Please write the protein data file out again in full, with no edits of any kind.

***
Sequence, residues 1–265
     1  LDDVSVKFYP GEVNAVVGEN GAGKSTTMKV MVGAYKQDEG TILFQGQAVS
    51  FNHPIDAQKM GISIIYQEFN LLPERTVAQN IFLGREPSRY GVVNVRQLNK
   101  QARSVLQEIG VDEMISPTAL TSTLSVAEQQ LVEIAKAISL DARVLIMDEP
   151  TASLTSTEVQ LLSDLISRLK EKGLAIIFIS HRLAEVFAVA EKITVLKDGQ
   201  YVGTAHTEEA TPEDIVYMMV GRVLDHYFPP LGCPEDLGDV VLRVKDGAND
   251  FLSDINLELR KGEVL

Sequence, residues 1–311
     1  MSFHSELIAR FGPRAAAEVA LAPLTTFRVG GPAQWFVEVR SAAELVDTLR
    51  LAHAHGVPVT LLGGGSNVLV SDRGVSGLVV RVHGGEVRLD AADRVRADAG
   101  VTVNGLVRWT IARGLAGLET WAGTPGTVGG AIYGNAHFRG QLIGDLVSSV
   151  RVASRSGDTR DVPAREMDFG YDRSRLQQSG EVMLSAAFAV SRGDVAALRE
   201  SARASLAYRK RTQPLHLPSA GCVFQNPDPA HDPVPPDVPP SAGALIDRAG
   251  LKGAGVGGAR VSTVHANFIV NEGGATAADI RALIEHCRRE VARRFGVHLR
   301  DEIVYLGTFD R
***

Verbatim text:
Sequence, residues 1–265
     1  LDDVSVKFYP GEVNAVVGEN GAGKSTTMKV MVGAYKQDEG TILFQGQAVS
    51  FNHPIDAQKM GISIIYQEFN LLPERTVAQN IFLGREPSRY GVVNVRQLNK
   101  QARSVLQEIG VDEMISPTAL TSTLSVAEQQ LVEIAKAISL DARVLIMDEP
   151  TASLTSTEVQ LLSDLISRLK EKGLAIIFIS HRLAEVFAVA EKITVLKDGQ
   201  YVGTAHTEEA TPEDIVYMMV GRVLDHYFPP LGCPEDLGDV VLRVKDGAND
   251  FLSDINLELR KGEVL

Sequence, residues 1–311
     1  MSFHSELIAR FGPRAAAEVA LAPLTTFRVG GPAQWFVEVR SAAELVDTLR
    51  LAHAHGVPVT LLGGGSNVLV SDRGVSGLVV RVHGGEVRLD AADRVRADAG
   101  VTVNGLVRWT IARGLAGLET WAGTPGTVGG AIYGNAHFRG QLIGDLVSSV
   151  RVASRSGDTR DVPAREMDFG YDRSRLQQSG EVMLSAAFAV SRGDVAALRE
   201  SARASLAYRK RTQPLHLPSA GCVFQNPDPA HDPVPPDVPP SAGALIDRAG
   251  LKGAGVGGAR VSTVHANFIV NEGGATAADI RALIEHCRRE VARRFGVHLR
   301  DEIVYLGTFD R